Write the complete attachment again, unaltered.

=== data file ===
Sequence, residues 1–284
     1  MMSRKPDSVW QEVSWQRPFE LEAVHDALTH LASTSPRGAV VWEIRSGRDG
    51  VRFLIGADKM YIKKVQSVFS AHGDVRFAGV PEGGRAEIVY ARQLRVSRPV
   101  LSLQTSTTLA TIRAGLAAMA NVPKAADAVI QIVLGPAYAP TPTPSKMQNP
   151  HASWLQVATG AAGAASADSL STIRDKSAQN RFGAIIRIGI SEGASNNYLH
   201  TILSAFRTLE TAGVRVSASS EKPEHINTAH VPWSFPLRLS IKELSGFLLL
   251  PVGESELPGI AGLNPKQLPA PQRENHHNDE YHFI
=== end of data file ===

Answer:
Sequence, residues 1–284
     1  MMSRKPDSVW QEVSWQRPFE LEAVHDALTH LASTSPRGAV VWEIRSGRDG
    51  VRFLIGADKM YIKKVQSVFS AHGDVRFAGV PEGGRAEIVY ARQLRVSRPV
   101  LSLQTSTTLA TIRAGLAAMA NVPKAADAVI QIVLGPAYAP TPTPSKMQNP
   151  HASWLQVATG AAGAASADSL STIRDKSAQN RFGAIIRIGI SEGASNNYLH
   201  TILSAFRTLE TAGVRVSASS EKPEHINTAH VPWSFPLRLS IKELSGFLLL
   251  PVGESELPGI AGLNPKQLPA PQRENHHNDE YHFI